AMID Gareth Murray’s collection of mementoes from a basketball career that has taken him almost entirely around the globe is a video, made on a balmy summer’s night in Zaragoza in 2013, which still makes him take a sharp intake of breath.
It was a friendly, Great Britain against Spain. Glasgow Rocks forward Murray momentarily corralled in an individual duel with Marc Gasol, a NBA All Star and one of the leviathans of the sport. That the Memphis Grizzlies centre – whose annual salary tops £8 million – brushed his Scottish foe aside was secondary. Murray, as he watches it now, can allow himself to marvel at his presence amid such illustrious company.
That, and his subsequent foray at the EuroBasket championships, are a world removed from his daily existence in the shadowlands of the British Basketball League, where pay slips are in five figures not ten, and where the competition is several levels below Gasol’s habitual sphere. Yet this afternoon, on the Emirates Arena court which the Rocks have made their home, their Arbroath-born talisman will relish the glamour of the club’s first major final in four years as they take on Worcester Wolves for the BBL Trophy.
It is, concedes 29-year-old Murray, a welcome diversion in a campaign where the team’s struggles, and his own jolt back to reality, have proved bothersome. “I found it difficult coming back after playing at that high level,” he reveals. “I know we were only together a short time, but in the GB team everyone knew their role and knew what they could do. Mine was to play defence and hit open shots. Then I came here and although I knew what my role was, it was hard to adjust to this league again.”
Having come through the development system of the Musketeers club in his home town, Murray took the road west to Michigan, hoping that adopting the American way would polish his skills. But, as so many of his contemporaries found, the promise proved empty, so much so that when he returned, and signed on in Glasgow, he remained the roughest of diamonds.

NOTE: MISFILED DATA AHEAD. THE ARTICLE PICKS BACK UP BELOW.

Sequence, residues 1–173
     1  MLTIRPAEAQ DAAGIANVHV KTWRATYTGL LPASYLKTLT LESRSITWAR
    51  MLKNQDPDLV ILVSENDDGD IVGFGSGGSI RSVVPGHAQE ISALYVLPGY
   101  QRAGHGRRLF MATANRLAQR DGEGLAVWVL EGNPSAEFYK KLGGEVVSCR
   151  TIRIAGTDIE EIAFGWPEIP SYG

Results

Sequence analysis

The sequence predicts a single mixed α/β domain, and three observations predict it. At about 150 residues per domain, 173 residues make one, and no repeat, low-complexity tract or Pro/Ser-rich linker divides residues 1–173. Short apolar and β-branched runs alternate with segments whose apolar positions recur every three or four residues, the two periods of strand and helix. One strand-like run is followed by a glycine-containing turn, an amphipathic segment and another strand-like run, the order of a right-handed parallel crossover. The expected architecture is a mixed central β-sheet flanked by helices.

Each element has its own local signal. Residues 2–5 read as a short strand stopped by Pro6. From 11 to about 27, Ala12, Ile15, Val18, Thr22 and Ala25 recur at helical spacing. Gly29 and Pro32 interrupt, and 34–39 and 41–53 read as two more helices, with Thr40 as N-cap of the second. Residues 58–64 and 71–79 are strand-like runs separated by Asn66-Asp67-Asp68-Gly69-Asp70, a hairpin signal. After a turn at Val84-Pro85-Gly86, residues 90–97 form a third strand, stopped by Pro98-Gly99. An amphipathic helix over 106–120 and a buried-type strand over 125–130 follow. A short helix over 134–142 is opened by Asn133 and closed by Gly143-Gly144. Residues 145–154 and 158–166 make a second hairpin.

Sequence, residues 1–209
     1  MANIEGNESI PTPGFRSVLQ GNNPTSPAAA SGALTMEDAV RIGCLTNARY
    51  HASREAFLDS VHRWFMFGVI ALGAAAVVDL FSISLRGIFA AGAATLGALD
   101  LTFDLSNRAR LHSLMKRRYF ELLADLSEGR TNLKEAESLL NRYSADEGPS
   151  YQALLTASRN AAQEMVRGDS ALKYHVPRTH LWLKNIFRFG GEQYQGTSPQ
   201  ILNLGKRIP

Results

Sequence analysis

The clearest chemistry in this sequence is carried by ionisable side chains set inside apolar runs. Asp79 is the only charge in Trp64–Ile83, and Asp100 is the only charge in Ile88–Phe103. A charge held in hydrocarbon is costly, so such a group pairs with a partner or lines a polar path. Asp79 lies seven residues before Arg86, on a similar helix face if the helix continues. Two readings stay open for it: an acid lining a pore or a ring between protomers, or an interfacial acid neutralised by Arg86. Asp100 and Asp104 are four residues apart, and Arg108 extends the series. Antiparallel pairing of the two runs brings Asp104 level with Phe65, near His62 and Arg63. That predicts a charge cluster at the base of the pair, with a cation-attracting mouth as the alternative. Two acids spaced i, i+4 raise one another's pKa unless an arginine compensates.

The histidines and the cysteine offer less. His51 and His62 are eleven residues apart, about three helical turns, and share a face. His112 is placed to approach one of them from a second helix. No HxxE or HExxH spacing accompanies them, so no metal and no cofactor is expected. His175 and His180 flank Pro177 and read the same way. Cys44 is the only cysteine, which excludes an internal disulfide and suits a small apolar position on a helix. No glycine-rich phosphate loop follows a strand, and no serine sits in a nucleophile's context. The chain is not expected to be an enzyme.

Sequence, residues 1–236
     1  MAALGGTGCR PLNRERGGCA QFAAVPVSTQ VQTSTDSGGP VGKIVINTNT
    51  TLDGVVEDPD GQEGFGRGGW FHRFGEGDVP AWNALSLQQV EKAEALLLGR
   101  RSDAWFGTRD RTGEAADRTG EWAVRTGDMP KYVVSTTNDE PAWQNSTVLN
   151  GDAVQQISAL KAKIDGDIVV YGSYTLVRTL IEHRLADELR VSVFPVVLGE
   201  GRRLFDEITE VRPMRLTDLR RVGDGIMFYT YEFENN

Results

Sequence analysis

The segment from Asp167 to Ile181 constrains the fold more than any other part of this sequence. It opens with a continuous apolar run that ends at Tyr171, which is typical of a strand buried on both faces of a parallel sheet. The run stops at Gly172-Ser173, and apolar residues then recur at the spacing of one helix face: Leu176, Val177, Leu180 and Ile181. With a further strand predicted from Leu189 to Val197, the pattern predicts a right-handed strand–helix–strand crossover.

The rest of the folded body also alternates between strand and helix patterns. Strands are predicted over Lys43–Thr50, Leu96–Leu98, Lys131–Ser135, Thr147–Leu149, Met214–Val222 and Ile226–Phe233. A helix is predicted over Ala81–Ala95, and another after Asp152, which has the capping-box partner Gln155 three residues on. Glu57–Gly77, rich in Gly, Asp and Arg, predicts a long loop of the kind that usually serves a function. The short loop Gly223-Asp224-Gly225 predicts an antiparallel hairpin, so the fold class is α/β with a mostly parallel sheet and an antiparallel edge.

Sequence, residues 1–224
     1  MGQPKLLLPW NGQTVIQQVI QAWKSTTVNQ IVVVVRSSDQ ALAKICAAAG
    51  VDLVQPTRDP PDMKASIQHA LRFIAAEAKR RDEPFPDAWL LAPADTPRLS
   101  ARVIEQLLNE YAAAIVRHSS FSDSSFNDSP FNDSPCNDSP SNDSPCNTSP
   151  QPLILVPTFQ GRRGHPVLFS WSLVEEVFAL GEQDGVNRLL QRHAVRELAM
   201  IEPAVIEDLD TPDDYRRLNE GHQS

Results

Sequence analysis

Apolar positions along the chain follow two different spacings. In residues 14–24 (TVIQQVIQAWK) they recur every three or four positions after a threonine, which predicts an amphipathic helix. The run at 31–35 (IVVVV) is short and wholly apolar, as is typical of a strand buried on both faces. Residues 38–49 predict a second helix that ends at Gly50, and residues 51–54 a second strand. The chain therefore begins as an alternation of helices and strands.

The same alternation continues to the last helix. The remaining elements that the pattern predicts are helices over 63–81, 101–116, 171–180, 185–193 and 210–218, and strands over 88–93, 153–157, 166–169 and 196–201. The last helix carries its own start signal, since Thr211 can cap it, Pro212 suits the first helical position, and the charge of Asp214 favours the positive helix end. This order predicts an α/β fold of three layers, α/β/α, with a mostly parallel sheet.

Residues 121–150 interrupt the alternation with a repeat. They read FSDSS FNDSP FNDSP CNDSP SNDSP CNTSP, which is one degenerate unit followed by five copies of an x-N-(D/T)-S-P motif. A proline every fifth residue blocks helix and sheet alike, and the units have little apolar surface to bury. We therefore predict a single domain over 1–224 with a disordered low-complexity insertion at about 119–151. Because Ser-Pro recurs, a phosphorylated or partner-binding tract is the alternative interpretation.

It took time, he says, to elevate his abilities, year by year. “I’m always the last one out of the gym.” Few leap from the British Basketball League to the international stage but his accomplishments offer a pointed counter-argument to those who claim the sport lacks the structure to convert its healthy participation base into a production line of talent.
The accusation was at the heart of UK Sport’s confirmation last week that basketball is to lose its entire Lottery funding, with those guarding the kitty bluntly suggesting that it is forever destined to remain on the margins. Murray, whose weekly schedule includes school visits and community initiatives, has a different view.
“You can see it’s growing everywhere,” he says. “In the schools. There’s more clubs all over the country. It’s ideal for kids because you can mix boys and girls and be competitive. That’s why it’s disheartening and disappointing that they don’t see that. There are a lot of talented players out there, more guys who are going to America and holding their own. Especially younger guys. We have real talent in Britain and in Scotland.”
A successful professional team on the doorstep remains one means to inspire. Glasgow have toiled this term with a squad whose only consistent achievement has been to confound their player-coach Sterling Davis. Ninth in the league, and with their qualification for the BBL’s end-of-season play-offs uncertain, the Trophy final has assumed an absolute importance.
The hosts are the underdogs, Murray acknowledges. “Sure, we have an edge being here. But it’s not much.” Worcester, challenging for the league title and the pursuit of a possible treble, have momentum on their side. “They win games,” he adds. “They have a great squad but if we can stop their three Americans, we have a chance.”
It will surely need Murray to raise himself once again. Victory, he hints, might serve as a parting gift. Testing himself against the best last year re-ignited his wanderlust. Some feel his attributes would be better employed in mainland Europe where the remuneration, and attention, is better.
“When I watch the Euroleague, I see guys who I went up against,” says Murray. “I’ll think: ‘I was guarding him. I went up against him’. I have to pinch myself sometimes when I think about it. There’s no question I can play at that level. I just need the opportunity to prove it. When I see that on TV, I know I could be there. I can handle the ball. I can defend. I don’t really see why someone shouldn’t pick me up.”